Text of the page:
Fake news is news, stories or hoaxes created to deliberately inform or deceive readers. Usually, these stories square measure created to either influence people’s views, push a political agenda or cause confusion and might usually be a profitable business for online publishers. Fake news stories will deceive individuals by wanting like trustworthy net sites or victimization similar names and web addresses to reputable news organizations.
Types of Fake News
These are stories that are deliberately fabricated to gain more website visitors and increase advertising revenue for websites. Clickbait stories use sensationalist headlines to grab attention and drive click-throughs to the publisher website, normally at the expense of truth or accuracy.
Stories that are created to deliberately mislead audiences, promote a biased point of view or particular political cause or agenda.
Lots of websites and social media accounts publish fake news stories for entertainment and parody. For example; The Onion, Waterford Whispers, The Daily Mash, etc.
4. Sloppy Journalism
Sometimes reporters or journalists may publish a story with unreliable information or without checking all of the facts which can mislead audiences. For example, during the U.S. elections, fashion retailer Urban Outfitters published an Election Day Guide, the guide contained incorrect information telling voters that they needed a ‘voter registration card’. This is not required by any state in the U.S. for voting.
5. Misleading Headings
Stories that are not completely false can be distorted using misleading or sensationalist headlines. These types of news can spread quickly on social media sites where only headlines and small snippets of the full article are displayed on audience newsfeeds.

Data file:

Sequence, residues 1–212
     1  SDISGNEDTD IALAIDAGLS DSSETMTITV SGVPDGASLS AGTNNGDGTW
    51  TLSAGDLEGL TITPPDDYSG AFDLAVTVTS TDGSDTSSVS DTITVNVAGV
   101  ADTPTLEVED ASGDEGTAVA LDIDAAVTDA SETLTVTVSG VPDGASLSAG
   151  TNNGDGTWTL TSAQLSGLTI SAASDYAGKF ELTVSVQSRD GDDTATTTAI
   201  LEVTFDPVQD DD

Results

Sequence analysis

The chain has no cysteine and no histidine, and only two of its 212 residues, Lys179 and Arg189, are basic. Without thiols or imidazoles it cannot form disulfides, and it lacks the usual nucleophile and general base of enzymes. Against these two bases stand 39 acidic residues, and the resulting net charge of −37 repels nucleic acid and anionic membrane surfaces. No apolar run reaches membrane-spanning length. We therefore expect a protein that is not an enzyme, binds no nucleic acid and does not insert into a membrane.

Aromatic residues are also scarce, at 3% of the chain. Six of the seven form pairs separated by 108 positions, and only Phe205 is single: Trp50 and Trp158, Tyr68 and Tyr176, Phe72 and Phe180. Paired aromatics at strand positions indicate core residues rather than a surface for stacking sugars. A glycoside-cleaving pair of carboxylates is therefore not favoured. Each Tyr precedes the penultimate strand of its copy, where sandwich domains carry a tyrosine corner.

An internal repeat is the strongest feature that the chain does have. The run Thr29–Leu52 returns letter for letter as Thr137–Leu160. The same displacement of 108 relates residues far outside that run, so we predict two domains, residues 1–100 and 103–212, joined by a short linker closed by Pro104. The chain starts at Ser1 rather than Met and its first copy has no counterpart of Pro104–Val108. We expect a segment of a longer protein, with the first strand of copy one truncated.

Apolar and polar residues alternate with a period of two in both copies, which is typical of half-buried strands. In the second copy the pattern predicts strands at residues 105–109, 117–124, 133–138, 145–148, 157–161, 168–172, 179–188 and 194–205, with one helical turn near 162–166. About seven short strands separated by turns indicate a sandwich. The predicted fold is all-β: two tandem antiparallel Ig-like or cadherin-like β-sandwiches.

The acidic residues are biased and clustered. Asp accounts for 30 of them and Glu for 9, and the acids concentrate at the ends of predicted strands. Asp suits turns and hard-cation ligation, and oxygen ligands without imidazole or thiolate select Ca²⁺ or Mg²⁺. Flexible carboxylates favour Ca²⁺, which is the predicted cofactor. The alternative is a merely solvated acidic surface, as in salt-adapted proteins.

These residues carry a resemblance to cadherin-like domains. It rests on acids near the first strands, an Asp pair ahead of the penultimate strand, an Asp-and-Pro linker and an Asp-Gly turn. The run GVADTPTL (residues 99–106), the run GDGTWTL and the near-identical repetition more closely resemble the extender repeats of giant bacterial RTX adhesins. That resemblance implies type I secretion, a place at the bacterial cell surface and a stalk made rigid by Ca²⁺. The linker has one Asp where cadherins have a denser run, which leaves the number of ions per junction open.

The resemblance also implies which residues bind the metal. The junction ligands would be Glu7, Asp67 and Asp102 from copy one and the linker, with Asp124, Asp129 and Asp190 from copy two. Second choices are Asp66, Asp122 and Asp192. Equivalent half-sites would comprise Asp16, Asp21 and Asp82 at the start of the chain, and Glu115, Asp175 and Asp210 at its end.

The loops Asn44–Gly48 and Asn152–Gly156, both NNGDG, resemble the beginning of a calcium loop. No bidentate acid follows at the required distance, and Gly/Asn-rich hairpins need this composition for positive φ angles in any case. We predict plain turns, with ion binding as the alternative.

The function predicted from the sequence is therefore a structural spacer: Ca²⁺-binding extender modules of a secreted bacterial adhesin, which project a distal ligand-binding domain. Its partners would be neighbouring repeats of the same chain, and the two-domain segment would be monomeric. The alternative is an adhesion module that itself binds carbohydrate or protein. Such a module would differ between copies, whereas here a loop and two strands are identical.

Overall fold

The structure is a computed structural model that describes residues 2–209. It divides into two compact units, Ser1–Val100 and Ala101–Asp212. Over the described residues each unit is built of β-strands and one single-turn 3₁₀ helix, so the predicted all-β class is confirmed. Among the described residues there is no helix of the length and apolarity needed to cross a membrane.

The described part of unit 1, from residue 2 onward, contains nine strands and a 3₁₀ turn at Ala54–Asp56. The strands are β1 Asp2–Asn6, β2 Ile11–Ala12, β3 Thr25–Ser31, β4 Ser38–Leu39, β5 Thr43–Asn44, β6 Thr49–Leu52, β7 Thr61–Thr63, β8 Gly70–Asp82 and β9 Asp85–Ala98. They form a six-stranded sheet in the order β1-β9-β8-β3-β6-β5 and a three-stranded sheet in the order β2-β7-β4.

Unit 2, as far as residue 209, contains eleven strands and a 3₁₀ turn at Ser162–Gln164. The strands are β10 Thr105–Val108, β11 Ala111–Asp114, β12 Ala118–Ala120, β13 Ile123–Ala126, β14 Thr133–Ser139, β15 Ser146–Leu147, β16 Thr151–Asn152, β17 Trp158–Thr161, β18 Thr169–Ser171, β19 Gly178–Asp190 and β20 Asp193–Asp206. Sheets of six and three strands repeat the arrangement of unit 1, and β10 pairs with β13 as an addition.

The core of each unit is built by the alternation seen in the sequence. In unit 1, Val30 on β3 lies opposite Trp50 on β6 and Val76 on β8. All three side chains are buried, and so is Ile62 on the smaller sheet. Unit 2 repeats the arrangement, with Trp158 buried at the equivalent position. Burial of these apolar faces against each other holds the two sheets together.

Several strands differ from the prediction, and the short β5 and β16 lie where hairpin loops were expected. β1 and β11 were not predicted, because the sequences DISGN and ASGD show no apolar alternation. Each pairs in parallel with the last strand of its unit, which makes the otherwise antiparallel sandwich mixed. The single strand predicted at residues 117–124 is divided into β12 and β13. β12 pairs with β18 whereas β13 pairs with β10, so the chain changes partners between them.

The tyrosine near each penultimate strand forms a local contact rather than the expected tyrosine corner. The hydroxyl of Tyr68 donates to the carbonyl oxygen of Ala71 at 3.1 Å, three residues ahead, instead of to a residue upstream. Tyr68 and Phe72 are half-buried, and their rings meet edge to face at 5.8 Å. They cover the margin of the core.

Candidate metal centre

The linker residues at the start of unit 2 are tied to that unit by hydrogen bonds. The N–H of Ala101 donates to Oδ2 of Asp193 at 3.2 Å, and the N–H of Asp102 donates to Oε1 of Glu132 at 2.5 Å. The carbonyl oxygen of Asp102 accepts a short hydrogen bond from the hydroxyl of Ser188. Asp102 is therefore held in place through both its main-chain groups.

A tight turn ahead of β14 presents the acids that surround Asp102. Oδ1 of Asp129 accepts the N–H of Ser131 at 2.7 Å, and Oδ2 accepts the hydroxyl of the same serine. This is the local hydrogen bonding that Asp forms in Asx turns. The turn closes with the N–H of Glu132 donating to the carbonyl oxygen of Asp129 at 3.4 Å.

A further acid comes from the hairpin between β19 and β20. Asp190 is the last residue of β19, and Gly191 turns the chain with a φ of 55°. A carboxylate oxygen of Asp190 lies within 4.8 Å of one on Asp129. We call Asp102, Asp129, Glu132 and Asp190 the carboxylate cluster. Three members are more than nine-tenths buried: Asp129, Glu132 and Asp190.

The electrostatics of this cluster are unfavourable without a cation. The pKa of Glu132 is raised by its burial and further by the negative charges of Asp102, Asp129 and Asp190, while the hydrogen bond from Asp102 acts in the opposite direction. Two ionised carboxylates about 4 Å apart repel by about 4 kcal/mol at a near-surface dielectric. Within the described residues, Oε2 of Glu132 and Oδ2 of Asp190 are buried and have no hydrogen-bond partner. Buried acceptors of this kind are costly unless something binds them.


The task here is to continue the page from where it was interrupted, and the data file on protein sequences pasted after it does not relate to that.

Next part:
6. Biased/Slanted News
Many people are drawn to news or stories that confirm their own beliefs or biases and fake news can prey on these biases. Social media news feeds tend to display news and articles that they think we will like based on our personalized searches.
What can we do about fake news?
Google and Facebook have proclaimed new measures to tackle faux news with the introduction of reportage and drooping tools. Media organizations just like the BBC and Channel four have conjointly established reality checking sites whereas these area units welcome developments, digital media attainment and developing skills to critically judge data are essential skills for anyone navigating the net and particularly for tykes.
The Brobdingnagianquantityof knowledge obtainable online and rise in faux news highlights the necessity for vital thinking. Children ought to develop vital thinking from associate early age. This is a key talent for tykes to develop as they enter into third level education and prepare themselves for the work.
How to spot fake news?
There are a number of things to watch out for when evaluating content online.
- Take a closer look
Check the source of the story, do you recognize the website? Is it a credible/reliable source? If you are unfamiliar with the site, look in the about section or find out more information about the author.
- Look beyond the headline
Check the entire article, many fake news stories use sensationalist or shocking headlines to grab attention. Often the headlines of fake news stories are in all caps and use exclamation points.
- Check other sources
Are other reputable news/media outlets reporting on the story? Are there any sources in the story? If so, check they are reliable or if they even exist!
- Check the facts
Fake news stories often contain incorrect dates or altered timelines. It is also a good idea to check when the article was published, is it current or an old news story?
- Check your biases
Are your own views or beliefs affecting your
judgementof a new feature or report?
- Is it a joke?
Satirical sites are popular online and sometimes it is not always clear whether a story is just a joke or parody… Check the website, is it known for satire or creating funny stories?
Fact checking sites
Fact Check: factcheck.org/
BBC Reality Check: bbc.com/news/reality-check
Channel 4 Fact Check: channel4.com/news/factcheck
Reverse image search from Google: google.com/reverse-image-serach